Privacy is probably the topic most mentioned and debated in relation to new technologies. An emerging body of academic work analyses how digital technologies impact on privacy and related values, such as autonomy, dignity, accountability and transparency. By studying the theoretical framework of privacy and data protection laws vis-à-vis the practical implications of the application of these, this course provides in-depth knowledge of how the right to privacy and the right to personal data protection are influenced by technological, social, and economic developments.
This course will focus on the intricate difficulties of regulating privacy and data protection rights in the era of Big Data and Online Social Networking. What do these rights entail and how is technology changing them? How are they important and can they still be adequately guaranteed through law or other regulatory instruments? How are law and policy in these areas developing and how effective will they be? Special attention will be paid to the proposed General Regulation on Data Protection and the debate about new instruments and concepts developed in that context. Concepts to be discussed are, e.g., the (im)possibilities of a ‘right-to-be-forgotten’, the proposed ‘data-portability requirements’ and restrictions on profiling. Tools to be discussed are privacy or data protection impact assessments (PIA/DPIA) and ‘privacy by design and by default’.
Objectives of the course
- This course aims to provide students with in-depth knowledge on privacy and data protection law within the EU and skills to apply this knowledge in cases.
The following achievement levels apply with regard to the course:
Students will be able to describe and explain the laws and regulations and relevant institutions in the domain of EU privacy and data protection law in a national, European and international context.
Students will be able to apply these laws and regulations in practical examples and map and address relevant legal and non-legal elements in the domain of privacy and data protection law.
Students will be able to evaluate the impact of international laws and regulations in the domain of privacy and data protection law.
Students will be able to identify in which ways violations on privacy and data protection law may be prevented.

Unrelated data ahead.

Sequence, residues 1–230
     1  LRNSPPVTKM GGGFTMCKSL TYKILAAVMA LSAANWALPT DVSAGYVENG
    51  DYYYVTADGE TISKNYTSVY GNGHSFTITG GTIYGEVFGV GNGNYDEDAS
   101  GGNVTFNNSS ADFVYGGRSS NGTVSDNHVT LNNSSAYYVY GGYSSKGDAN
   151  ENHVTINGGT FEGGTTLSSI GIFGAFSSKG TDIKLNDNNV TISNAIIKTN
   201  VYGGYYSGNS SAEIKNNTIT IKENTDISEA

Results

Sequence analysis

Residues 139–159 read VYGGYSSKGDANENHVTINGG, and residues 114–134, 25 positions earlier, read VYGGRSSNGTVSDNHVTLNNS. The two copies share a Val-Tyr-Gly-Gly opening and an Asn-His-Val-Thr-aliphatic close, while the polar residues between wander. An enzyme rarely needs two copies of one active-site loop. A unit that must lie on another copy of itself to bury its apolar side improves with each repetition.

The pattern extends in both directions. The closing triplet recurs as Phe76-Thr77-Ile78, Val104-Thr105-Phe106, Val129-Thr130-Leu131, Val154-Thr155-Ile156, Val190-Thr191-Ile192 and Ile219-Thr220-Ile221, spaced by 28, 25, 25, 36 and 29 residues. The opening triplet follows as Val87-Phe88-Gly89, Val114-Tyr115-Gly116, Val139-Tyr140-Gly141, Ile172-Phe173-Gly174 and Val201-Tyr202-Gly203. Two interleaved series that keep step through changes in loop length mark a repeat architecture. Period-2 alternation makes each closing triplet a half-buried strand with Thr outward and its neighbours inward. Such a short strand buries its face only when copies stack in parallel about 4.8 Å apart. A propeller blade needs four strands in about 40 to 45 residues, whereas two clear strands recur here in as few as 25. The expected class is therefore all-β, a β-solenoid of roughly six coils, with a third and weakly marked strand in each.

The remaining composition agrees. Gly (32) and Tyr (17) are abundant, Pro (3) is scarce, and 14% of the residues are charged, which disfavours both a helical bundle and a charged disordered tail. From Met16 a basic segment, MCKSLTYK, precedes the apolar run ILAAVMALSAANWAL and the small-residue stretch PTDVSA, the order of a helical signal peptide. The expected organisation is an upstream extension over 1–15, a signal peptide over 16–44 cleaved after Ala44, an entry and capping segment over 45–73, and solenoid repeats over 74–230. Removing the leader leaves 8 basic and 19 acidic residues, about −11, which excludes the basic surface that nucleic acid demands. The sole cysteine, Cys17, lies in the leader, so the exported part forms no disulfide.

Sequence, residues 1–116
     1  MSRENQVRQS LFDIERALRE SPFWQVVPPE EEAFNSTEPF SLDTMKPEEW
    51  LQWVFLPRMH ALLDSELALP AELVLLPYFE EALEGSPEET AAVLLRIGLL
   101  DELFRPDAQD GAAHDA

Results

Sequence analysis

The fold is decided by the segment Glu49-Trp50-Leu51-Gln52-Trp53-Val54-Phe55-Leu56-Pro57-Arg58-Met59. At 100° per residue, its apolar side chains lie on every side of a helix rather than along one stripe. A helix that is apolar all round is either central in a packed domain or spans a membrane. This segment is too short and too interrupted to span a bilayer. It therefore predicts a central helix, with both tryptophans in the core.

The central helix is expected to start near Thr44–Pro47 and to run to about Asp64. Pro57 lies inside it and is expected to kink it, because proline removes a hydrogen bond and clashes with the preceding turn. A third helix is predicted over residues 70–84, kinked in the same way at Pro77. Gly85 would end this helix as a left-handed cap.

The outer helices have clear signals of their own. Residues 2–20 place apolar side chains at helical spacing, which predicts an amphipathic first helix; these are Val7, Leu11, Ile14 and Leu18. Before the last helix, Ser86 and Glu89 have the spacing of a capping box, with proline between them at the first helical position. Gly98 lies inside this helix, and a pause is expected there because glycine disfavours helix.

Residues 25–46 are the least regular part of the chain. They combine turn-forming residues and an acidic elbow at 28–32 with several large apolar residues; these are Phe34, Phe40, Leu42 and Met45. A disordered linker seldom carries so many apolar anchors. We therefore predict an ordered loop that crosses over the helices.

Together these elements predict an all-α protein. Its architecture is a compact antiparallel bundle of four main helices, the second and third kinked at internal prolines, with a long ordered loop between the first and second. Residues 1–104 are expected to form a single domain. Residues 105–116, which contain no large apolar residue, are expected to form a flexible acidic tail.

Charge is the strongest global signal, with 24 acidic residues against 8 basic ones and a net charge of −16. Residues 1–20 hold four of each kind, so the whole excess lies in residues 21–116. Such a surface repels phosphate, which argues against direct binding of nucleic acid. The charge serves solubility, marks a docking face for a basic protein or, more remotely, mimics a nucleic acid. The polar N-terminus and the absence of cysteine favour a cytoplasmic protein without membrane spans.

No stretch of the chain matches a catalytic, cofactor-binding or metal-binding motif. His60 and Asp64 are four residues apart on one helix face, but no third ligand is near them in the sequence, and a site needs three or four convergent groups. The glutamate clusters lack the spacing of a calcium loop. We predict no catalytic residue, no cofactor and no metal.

Students will be able to evaluate and balance the interests protected by privacy and data protection law agains other, competing personal and societal interests.
The timetable of this course can be found in uSis.
Mode of instruction
Number of (3 hour) lectures: 6
Names of lecturers: Prof.mr.dr. G.J. Zwenne, Prof.mr.dr.ir. B.H.M. Custers, A.M. Sears, guest lecturers
Required preparation by students: required readings, assignments
Interactive lectures for which attendance is mandatory and registration is required (in Usis the lectures are registered as working groups).
- Written exam (3 hours)
Areas to be tested within the exam
The examination syllabus consists of the required reading (literature) for the course, the course information guide and the subjects taught in the lectures, the seminars and all other instructions which are part of the course.
The required readings will be published on Brightspace.
Students have to register for the lectures and working groups through uSis. With this registration you have access to the digital learning environment of this course in Brightspace. You may register up to 5 calendar days before the first teaching session begins.
Students have to register for exams and retakes through uSis. With this registration you also have access to the digital learning environment of this course in Brightspace You may register up to 10 calendar days before the exam or retake.
Coordinator: A.M. Sears
Work address: KOG
Telephone number secretary: 071- 527 8838